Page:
That may seem like a strange, even abrasive, sentiment coming from a dad who just learned his son is going to die. But as I read those words today I believe them with all my heart.
Death is horrific.
Death is tragic.
Death is excruciating.
But I believe this father’s words because I have lived them.
See what this godly sorrow has produced in you: what earnestness, what eagerness to clear yourselves, what indignation, what alarm, what longing, what concern, what readiness to see justice done. At every point you have proved yourselves to be innocent in this matter. 2 Cor. 7:11
Last night, I sat at the feet of a man who wept as he shared the gospel message with our church. As he wept, so did I. I wept because my son’s death and his salvation are intricately woven together. His heart for Jesus was ignited by my son.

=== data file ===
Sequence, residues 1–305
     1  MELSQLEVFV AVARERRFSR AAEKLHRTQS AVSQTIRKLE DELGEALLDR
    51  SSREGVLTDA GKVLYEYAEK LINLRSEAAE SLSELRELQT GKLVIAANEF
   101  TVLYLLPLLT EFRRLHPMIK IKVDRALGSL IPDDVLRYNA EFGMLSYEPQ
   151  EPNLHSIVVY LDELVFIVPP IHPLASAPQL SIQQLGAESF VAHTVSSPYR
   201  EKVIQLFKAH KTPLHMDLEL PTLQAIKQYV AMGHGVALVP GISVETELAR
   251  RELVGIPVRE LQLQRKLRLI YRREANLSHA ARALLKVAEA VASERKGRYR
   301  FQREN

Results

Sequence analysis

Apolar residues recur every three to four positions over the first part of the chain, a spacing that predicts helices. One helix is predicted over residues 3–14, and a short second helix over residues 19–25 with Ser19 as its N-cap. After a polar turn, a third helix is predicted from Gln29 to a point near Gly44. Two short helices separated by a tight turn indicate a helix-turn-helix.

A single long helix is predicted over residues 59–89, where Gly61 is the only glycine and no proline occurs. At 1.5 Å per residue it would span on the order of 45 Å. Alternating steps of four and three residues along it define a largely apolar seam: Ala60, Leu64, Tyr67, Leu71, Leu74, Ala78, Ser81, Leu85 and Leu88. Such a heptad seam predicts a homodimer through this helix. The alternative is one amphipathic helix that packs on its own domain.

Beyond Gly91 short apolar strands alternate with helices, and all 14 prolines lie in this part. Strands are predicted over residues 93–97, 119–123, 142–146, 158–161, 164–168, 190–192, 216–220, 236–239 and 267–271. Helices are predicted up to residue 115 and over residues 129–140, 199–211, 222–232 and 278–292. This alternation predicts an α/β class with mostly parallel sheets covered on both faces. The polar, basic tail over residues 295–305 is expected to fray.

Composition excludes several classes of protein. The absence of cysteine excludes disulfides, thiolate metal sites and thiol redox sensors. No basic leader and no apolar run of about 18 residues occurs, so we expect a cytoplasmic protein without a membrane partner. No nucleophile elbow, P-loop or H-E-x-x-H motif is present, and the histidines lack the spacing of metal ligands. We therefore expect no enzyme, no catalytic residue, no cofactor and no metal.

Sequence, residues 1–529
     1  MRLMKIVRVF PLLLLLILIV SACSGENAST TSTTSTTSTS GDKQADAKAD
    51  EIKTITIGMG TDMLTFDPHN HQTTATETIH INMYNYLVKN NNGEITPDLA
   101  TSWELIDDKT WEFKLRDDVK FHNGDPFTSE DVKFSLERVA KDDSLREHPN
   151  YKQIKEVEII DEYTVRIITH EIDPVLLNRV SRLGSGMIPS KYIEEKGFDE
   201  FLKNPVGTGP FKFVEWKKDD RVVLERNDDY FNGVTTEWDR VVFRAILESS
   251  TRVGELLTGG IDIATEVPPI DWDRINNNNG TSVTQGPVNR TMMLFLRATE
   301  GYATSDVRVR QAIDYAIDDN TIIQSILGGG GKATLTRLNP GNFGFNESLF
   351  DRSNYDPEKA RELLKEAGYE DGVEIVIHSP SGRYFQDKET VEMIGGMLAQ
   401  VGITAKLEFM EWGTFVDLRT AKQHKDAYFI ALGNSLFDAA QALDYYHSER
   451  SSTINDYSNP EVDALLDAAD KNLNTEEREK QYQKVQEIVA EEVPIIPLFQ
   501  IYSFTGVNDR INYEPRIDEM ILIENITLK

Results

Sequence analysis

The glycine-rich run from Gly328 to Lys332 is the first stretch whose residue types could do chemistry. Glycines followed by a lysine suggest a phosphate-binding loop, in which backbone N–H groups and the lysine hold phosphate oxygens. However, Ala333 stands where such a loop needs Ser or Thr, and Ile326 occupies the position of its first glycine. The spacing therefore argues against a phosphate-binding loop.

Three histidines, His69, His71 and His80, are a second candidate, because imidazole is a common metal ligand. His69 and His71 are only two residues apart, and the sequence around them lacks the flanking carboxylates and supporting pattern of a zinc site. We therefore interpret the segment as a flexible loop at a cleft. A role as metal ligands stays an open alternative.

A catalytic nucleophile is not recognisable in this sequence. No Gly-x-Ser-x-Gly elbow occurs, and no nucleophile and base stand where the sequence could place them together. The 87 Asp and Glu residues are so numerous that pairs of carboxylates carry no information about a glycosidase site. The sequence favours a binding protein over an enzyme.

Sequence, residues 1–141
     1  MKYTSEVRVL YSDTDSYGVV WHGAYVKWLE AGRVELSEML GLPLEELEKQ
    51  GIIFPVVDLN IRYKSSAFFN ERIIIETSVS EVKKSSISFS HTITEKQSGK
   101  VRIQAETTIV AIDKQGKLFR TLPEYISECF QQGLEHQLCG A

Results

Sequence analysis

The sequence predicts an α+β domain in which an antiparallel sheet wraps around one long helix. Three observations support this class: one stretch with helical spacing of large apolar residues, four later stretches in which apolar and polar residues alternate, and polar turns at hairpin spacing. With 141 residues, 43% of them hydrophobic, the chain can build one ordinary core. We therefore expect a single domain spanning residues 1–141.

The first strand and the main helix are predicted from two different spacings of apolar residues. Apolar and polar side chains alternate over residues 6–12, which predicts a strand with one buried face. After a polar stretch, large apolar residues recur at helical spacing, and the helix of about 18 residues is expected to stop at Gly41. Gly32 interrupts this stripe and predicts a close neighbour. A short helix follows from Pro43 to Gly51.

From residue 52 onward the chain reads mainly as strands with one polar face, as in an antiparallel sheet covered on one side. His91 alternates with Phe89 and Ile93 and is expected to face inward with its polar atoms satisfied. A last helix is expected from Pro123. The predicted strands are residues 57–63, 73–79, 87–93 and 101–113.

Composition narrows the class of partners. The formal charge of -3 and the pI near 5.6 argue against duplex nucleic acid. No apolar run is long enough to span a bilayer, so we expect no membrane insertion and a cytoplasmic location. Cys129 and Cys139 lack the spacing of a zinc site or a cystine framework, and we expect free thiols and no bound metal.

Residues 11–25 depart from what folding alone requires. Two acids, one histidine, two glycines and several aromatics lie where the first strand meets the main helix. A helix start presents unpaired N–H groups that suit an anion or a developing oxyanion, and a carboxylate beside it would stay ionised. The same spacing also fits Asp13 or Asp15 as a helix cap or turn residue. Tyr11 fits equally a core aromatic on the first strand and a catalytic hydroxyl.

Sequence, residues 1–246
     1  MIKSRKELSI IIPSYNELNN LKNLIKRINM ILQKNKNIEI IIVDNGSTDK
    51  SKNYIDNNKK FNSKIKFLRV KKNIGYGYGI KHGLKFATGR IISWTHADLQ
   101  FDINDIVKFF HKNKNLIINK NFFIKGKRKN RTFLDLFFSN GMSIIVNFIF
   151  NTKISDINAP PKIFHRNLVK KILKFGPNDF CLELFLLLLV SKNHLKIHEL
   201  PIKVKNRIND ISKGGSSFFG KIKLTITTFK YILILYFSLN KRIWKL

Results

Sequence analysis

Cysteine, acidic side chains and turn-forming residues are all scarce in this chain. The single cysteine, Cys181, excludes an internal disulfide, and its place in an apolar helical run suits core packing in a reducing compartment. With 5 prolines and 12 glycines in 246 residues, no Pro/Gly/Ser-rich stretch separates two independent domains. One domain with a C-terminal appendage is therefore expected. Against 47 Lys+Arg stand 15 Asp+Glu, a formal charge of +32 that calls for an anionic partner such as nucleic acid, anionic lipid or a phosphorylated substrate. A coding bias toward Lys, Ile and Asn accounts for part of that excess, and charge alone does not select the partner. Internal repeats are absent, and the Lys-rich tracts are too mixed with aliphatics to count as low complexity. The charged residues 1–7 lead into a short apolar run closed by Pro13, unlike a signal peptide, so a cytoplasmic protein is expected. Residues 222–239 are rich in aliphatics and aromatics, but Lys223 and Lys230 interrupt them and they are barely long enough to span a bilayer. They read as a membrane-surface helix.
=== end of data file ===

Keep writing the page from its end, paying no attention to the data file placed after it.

I wept because my heart is fuller, my trust is deeper, my connection to God is tangible. I wept because I believed Azaiah’s death was worth that moment.
Jesus said, “I tell you the truth, unless a kernel of wheat is planted in the soil and dies, it remains alone. But its death will produce many new kernels—a plentiful harvest of new lives.” John 12:24
So yes, I believe that greater good came, not only from Azaiah’s life, but also his death. And I believe it will for this man too. Whatever your sorrow is today, trust this, a greater good is coming.